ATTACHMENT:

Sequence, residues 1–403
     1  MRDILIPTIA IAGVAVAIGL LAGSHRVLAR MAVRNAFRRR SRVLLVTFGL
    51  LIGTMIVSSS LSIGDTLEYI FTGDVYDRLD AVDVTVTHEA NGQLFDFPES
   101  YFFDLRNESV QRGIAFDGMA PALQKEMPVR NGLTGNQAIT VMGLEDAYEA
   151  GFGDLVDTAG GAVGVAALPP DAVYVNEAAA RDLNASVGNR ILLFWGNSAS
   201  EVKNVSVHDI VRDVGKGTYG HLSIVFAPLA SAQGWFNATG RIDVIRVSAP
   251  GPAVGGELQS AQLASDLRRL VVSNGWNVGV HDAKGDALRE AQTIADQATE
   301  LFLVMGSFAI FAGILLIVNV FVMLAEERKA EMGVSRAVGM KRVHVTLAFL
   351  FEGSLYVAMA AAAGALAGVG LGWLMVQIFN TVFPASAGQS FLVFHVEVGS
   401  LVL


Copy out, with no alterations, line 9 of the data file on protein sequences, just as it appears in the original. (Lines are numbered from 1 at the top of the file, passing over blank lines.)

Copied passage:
   351  FEGSLYVAMA AAAGALAGVG LGWLMVQIFN TVFPASAGQS FLVFHVEVGS